• The crime rate in Norway is among the lowest in the world
  • The healthcare system is largely supported by business and employee payroll contributions, as well as taxes collected.
  • The government funds the school system. Tuition and fees are not charged at public colleges. Furthermore, Norway has one of the greatest educational systems in the world.


  • In contrast to other nations, the cost of living in Norway is rather high. To make ends meet in this Scandinavian country, you'll need to earn between $2,000 and $4,500 each month.
  • If you want to drink beer and smoke, you might want to rethink moving to Norway. The price of alcoholic beverages and tobacco goods was 136% more than the European average.
  • The average cost of a house or apartment in Norway is quite expensive. In Norway, the average price per square meter is roughly $5,150.
  • Merverdiavgift is a type of sales tax or VAT levied on products and services in Norway. It's applied to practically everything, so there's no way to escape it. That is why going to particular areas might be so expensive, or why costs appear to be exorbitant.
  • With a secondary education and a highly educated populace, finding a solid job as an expat in Norway might be difficult.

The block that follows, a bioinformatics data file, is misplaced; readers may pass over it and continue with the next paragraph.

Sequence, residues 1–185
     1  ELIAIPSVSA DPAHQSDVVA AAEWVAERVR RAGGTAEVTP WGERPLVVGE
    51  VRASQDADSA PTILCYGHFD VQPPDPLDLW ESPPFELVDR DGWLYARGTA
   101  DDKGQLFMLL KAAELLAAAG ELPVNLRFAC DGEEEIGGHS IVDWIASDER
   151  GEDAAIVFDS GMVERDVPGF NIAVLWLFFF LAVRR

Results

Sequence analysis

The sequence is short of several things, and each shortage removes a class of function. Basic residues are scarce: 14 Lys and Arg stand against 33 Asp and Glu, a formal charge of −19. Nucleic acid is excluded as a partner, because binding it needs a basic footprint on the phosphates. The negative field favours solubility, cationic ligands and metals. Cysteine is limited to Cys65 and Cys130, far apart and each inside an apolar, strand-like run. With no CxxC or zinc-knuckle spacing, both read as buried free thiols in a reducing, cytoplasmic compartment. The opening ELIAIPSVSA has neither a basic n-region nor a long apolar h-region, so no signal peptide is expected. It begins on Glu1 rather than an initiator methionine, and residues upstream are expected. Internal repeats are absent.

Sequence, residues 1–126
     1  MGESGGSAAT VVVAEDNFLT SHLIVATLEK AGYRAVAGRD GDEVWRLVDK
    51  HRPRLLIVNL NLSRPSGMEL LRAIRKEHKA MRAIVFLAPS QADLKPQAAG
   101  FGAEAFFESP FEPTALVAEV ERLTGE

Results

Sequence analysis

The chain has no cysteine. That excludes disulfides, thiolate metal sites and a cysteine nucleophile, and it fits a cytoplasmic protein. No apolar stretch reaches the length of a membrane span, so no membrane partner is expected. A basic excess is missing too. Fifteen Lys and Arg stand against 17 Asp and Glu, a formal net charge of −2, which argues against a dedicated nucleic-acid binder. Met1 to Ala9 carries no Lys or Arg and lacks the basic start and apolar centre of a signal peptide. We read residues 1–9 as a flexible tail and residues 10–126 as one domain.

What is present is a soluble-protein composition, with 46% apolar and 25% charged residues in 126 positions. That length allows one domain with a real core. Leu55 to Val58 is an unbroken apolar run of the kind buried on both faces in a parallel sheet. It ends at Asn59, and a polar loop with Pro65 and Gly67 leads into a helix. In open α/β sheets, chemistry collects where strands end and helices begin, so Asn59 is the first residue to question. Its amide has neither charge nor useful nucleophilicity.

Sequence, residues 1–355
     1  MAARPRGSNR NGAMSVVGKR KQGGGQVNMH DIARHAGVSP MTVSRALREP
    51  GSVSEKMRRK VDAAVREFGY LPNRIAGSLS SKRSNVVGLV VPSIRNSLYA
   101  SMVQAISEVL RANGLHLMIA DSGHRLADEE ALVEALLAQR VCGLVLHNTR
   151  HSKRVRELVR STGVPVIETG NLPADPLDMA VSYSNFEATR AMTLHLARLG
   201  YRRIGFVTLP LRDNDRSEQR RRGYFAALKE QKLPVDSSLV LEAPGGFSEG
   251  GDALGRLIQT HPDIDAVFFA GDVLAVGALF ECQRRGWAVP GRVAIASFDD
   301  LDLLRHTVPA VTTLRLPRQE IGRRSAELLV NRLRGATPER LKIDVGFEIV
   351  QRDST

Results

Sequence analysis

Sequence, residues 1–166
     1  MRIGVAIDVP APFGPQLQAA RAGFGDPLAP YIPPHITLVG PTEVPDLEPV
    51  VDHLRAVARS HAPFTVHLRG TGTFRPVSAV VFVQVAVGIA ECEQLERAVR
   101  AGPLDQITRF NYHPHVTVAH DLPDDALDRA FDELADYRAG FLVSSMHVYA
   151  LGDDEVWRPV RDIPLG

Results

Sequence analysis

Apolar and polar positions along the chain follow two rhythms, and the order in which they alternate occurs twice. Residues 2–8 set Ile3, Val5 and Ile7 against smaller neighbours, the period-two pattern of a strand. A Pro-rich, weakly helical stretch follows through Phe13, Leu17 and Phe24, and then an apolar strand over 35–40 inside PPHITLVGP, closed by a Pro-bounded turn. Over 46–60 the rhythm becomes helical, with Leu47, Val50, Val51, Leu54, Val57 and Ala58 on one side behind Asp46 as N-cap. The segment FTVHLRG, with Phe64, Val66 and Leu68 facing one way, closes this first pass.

Norway's health insurance

Expats in Norway have access to both the public health care system and health insurance. Vision and dental care are not included. The healthcare system is quite rudimentary, with no holistic methods or natural types of therapy.

In the nation, you will find both public and private hospitals. Four Regional Health Authorities supervise the operation of public hospitals, which are controlled by the Ministry of Health and Care Services. It is the government's obligation to offer healthcare to all citizens, regardless of age, color, gender, income, or location. All inhabitants have access to free healthcare. Municipalities are in charge of primary health and social services.

Moving to Norway to Study

If you are from a country other than the EU/EEA and want to study in Norway, you must apply for a study permit. This is also known as a study permit. You can apply for a residency permit to study in a university, college, or bible school, or to attend folk high school. You can also apply for a study visa if you are a skilled worker and want to learn Norwegian or pursue education in Norway.

Moving to Norway for work

Finding work in Norway is the most challenging challenge for a newbie to the country. Even the most seasoned foreigner will face competition from a highly educated workforce with near-native English language skills. If you are a citizen of another Nordic nation, you have the right to live, work, and study in Norway. You are not required to apply for a residency permit or anything comparable. If you are a citizen of another EU/EEA nation, you can enter Norway freely and remain for up to three months. You must register if you are staying in Norway for longer than three months.